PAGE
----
Open Access Highly Accessed Research article

Genomic and transcriptomic analysis of the AP2/ERF superfamily in Vitis vinifera

Francesco Licausi1*, Federico M Giorgi2, Sara Zenoni3, Fabio Osti4, Mario Pezzotti3 and Pierdomenico Perata1

Author Affiliations

1 Plant Lab, Scuola Superiore Sant'Anna, Piazza Martiri della Libertà 33, 56127 Pisa, Italy

2 Max Planck Institute of Molecular Plant Physiology, Am Mühlenberg 1, 14476 Golm, Germany

3 Dept Sciences, Technologies & Markets for Grapevine & Wine, University of Verona, I-37029 San Floriano Di Valpolicella, VR Italy

4 IBIMET-CNR, Via P. Gobetti 101, 40129, Bologna, Italy

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BMC Genomics 2010, 11:719  doi:10.1186/1471-2164-11-719

Published: 20 December 2010



The AP2/ERF protein family contains transcription factors that play a crucial role in plant growth and development and in response to biotic and abiotic stress conditions in plants. Grapevine (Vitis vinifera) is the only woody crop whose genome has been fully sequenced. So far, no detailed expression profile of AP2/ERF-like genes is available for grapevine.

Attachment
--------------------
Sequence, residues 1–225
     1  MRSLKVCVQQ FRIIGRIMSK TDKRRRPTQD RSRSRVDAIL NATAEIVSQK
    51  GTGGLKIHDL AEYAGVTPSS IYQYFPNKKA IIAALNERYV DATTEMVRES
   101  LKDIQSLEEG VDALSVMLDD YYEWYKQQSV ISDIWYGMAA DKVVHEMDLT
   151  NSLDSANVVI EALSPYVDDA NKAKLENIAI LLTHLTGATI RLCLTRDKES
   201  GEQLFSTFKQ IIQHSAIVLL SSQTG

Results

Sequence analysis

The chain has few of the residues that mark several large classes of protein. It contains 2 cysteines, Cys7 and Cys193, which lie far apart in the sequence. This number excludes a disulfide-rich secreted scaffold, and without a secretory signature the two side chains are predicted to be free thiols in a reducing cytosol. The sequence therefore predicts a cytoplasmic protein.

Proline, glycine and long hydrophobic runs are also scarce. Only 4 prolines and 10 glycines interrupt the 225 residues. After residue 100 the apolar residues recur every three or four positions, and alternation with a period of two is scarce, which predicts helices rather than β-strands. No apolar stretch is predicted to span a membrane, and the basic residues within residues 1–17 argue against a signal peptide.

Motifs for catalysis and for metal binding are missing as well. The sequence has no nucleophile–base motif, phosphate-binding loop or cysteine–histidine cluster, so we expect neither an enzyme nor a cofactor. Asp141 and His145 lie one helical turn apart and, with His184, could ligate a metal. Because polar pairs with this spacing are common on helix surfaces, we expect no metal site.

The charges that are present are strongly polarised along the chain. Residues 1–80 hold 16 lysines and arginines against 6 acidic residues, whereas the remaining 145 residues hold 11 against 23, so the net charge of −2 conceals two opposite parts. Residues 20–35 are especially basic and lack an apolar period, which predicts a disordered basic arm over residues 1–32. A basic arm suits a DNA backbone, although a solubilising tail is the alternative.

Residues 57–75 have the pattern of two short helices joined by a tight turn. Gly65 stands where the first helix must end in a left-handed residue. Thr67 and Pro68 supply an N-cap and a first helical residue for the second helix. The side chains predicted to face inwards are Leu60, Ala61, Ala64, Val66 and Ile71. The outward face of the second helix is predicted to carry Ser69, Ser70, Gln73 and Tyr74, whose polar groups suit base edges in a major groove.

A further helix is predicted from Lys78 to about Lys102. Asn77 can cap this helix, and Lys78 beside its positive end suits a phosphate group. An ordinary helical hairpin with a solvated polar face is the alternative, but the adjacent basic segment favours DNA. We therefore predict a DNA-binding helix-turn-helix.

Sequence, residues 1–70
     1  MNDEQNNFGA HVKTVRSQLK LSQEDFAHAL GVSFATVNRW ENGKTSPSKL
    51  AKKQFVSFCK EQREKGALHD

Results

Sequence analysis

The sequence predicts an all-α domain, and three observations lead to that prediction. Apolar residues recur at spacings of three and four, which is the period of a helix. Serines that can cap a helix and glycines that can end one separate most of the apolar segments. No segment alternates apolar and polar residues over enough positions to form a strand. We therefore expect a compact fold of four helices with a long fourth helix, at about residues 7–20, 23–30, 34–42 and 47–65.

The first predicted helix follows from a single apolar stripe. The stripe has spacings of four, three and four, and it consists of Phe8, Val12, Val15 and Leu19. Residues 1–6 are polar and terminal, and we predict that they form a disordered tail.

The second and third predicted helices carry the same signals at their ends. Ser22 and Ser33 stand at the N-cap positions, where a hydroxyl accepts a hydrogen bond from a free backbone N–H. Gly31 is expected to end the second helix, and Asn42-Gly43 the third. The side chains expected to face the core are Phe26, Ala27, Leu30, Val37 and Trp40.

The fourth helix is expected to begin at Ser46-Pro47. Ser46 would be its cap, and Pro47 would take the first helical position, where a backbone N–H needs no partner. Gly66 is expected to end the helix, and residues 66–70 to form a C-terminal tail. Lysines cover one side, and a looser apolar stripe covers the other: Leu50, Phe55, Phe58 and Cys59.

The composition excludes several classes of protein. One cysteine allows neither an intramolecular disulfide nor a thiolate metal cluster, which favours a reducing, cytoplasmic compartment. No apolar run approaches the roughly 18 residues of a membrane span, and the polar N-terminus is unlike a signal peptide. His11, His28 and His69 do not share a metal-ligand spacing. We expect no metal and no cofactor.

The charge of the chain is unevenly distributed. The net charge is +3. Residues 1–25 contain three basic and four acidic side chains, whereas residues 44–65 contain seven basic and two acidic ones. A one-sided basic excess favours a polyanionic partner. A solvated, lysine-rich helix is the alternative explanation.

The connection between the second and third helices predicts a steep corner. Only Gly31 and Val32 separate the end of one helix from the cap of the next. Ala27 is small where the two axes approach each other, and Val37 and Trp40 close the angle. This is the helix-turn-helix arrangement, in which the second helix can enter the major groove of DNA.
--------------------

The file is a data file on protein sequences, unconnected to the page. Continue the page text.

An exhaustive search for AP2/ERF genes was carried out on the Vitis vinifera genome and their expression profile was analyzed by Real-Time quantitative PCR (qRT-PCR) in different vegetative and reproductive tissues and under two different ripening stages.

One hundred and forty nine sequences, containing at least one ERF domain, were identified. Specific clusters within the AP2 and ERF families showed conserved expression patterns reminiscent of other species and grapevine specific trends related to berry ripening. Moreover, putative targets of group IX ERFs were identified by co-expression and protein similarity comparisons.


The grapevine genome contains an amount of AP2/ERF genes comparable to that of other dicot species analyzed so far. We observed an increase in the size of specific groups within the ERF family, probably due to recent duplication events. Expression analyses in different aerial tissues display common features previously described in other plant systems and introduce possible new roles for members of some ERF groups during fruit ripening. The presented analysis of AP2/ERF genes in grapevine provides the bases for studying the molecular regulation of berry development and the ripening process.